Note to remember: the very best optimized sites can contain a massive amount of information that visitors will happily and easily process in a matter of seconds.
In simple words, you’re an information architect if you’re able to organize the data in a way that users can find it easily.
Information Architecture And Social Media Marketing
While marketers can’t change the design of the social media platforms, certainly, they can use UX design and IA principles in their social media marketing strategy.
See how Amazon promotes its “Happy Gifting” campaign on Facebook and Instagram.
- They used Facebook Live with Oprah, following a QVC show format. This is great for mature audiences (ages 34-over).
- The same campaign (Happy Gifting) was shared with their Instagram followers but using different formats. Short clips, and showcasing products that fit younger audiences. (15-30ish).
- Both platforms have a voice- and it’s different.
- The content promotes Amazon’s brands and brand partners, all under one umbrella.
Amazon’s social media accounts have been built according to their brand architecture.
I hope this is giving you ideas for your next social media marketing plan.
Integrating Information Architecture (IA) And Content Strategy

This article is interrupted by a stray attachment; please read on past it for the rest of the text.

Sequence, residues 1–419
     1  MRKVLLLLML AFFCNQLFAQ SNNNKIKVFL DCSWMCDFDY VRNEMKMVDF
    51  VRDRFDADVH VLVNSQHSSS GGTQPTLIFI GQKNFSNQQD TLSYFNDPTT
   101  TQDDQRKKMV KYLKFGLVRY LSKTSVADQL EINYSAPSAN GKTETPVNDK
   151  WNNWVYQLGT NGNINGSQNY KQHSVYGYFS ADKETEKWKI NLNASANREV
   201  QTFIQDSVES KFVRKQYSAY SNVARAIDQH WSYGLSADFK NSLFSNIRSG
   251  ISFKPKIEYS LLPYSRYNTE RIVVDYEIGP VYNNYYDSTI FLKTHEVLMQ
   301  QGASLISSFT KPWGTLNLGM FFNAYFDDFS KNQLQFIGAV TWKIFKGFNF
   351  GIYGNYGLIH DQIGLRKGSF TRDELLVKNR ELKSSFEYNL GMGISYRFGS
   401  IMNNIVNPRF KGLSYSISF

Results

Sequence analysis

Between your website, your blog, emails, and social media channels, you might be producing at least 20 pieces of content every month, at the most conservative. Some organizations produce 100’s!
But how do you ensure you can get your readers, viewers or listeners the content they want in the right format? In other words, how can you maximize the value of your content?
The answer lies in information architecture and content modeling.
Information Architecture (IA) can be used by every small business owner! Business goals, brand, your voice, your content, your marketing, sales systems … etc.!
The 8 Principles of Information Architecture
These 8 principles from IA will help you design your next marketing moves!
The principle of objects: Content should be treated as a living, breathing thing. It has lifecycles, behaviors, and attributes.
The principle of choices: More is less. Keep the number of choices to a minimum.